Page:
That’s your multi-dimensional space for negotiations. Use it as such.

I remember a lady presenting the results of her NPV analysis to the board on a slide with a single number: 13’645’827, 90. When one of the directors asked what was her degree of confidence in the second cypher after the comma she broke out in panic.

6. Use separate teams to negotiate and to operate

Numbers and results are here to guide you in the discussions. Of course each dollar matters. So negotiations might hit the heated zone.

However, what matters is that you do repeat business with people with whom you like to interact with. And going through the day to day deliverables requires day to day interactions.

It might be a wise thing to separate the teams that are negotiating from those which are going to deliver.

7. It’s not the value it’s the price

Though they usually come at the end of the process, discussions on financial terms are deal killers.

It might be a good idea to address the issue already at the beginning of the process, in general terms covering the two most important aspects of the deal in terms of effective payments:

• How are we going to share the value?

• How are we going to share the risks?

Most innovators do not realize that in early stage developments they could claim a limited share of the total value, for a single product. Various contributions in congresses have mentioned that a 30 / 70 share of the deal value between the innovator and the other parties would be fair.

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“Most innovators do not realize that in early stage developments they could claim a limited share of the total value, for a single product.”

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In late stage deals, when the development risk is less and when the time to money is closer e.g. the acquiring party has an urgent need to solve, then the spread can be skewed in favor of the inventor.

If the inventor has doubts about the fairness of the value sharing proposal, an idea is to walk him / her through a P&amp,L statement and highlight the portion of sales that is dedicated to R&amp,D, and if a spread is available between the R part and the D part, it’s even better.

8. Sharing risks

Sharing the risks means agreeing on a schedule of payments reflecting the added value at each stage of development, in case of a licensing deal. The more you are willing to share risks, the more value you should obtain. This is usually reflected by higher than usual licensing and / or royalty rates.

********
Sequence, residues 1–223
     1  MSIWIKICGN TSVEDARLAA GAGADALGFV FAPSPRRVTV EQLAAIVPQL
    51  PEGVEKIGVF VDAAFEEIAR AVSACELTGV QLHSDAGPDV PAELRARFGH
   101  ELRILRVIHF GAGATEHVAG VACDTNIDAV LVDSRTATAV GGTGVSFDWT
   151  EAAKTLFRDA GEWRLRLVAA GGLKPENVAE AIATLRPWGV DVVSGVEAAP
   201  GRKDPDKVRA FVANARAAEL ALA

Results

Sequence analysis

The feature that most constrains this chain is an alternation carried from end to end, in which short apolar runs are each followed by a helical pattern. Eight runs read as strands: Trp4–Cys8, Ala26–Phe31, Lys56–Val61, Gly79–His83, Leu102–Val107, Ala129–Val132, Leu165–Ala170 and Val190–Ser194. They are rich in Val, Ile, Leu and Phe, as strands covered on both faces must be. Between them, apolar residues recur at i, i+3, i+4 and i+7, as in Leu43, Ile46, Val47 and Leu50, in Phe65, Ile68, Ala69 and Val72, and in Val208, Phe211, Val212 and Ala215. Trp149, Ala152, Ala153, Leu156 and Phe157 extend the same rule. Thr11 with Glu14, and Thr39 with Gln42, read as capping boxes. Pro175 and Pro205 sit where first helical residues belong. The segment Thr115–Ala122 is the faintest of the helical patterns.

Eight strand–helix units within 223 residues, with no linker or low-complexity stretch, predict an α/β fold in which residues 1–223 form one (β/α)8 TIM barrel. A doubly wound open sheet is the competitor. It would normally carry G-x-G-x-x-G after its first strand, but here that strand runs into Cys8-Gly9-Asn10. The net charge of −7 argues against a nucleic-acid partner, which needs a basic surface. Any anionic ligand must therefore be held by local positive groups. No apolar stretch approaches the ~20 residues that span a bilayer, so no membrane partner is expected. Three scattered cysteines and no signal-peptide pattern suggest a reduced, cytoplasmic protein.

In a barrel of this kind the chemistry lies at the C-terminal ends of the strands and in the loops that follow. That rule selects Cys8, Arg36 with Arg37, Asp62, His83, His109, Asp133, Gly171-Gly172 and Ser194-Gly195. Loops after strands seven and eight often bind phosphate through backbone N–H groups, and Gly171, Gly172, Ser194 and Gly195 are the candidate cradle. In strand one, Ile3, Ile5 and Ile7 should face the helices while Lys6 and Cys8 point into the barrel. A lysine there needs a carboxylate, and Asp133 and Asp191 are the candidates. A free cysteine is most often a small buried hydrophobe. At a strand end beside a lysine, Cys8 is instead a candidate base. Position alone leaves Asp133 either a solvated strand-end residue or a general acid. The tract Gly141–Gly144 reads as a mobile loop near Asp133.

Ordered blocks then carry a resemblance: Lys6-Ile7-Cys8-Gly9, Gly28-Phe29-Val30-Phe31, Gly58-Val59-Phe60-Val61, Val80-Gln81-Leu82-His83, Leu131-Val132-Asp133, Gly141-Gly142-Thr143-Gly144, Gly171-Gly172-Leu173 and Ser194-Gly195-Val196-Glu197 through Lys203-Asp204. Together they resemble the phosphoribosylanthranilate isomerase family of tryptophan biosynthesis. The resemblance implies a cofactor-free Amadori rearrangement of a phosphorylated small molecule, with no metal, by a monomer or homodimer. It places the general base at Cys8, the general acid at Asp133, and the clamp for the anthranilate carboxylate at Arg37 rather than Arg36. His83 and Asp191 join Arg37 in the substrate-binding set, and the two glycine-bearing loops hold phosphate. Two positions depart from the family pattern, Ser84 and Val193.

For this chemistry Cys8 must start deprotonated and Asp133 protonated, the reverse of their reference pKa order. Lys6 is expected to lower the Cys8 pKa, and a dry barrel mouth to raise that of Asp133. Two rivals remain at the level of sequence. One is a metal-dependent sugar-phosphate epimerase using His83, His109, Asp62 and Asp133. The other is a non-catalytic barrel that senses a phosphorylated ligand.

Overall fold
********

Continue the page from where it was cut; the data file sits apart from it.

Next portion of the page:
9. Portfolio management

With the influence of funds and the pressure on share price, the availability of sophisticated software and methodologies, plus a myriad of graduates in finance each year, it is likely that an investment be also, if not exclusively, considered as a portfolio maximization object impacting the overall risk and revenue profiles of the acquirer. If you spot that you are in this type of frame and if you are not used to financial management, call for expert advice in presenting your benefits in the negotiations.

10. It’s a small world

And reputations are at stake with every negotiation. Talleyrand, a shrewed negotiator, used to say that his best asset in negotiations was his cook. This reflects one aspect of getting to an agreement. You might also be confronted with the hasted short dead-lined type who is going to walk all over you.

Be prepared. Ask previous negotiators who have been confronted with the party you are going to meet how they lived the whole process, before and after the agreement.

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About the author:

Jean-Louis Roux Dit Buisson is a Professor of Entrepreneurship at the Grenoble Management School in France. He is founder of Foro Ventures, a company dedicated to provide assistance and interim management for top-line growth projects and turn-arounds.

Jean-Louis is specialized in high technology sectors (such as Bio Pharma, Medtech). He has an MSc from MIT and an MBA from INSEAD and can be reached at jl@forotech.ch.

How can pharma manage the partnerships and licensing processes effectively?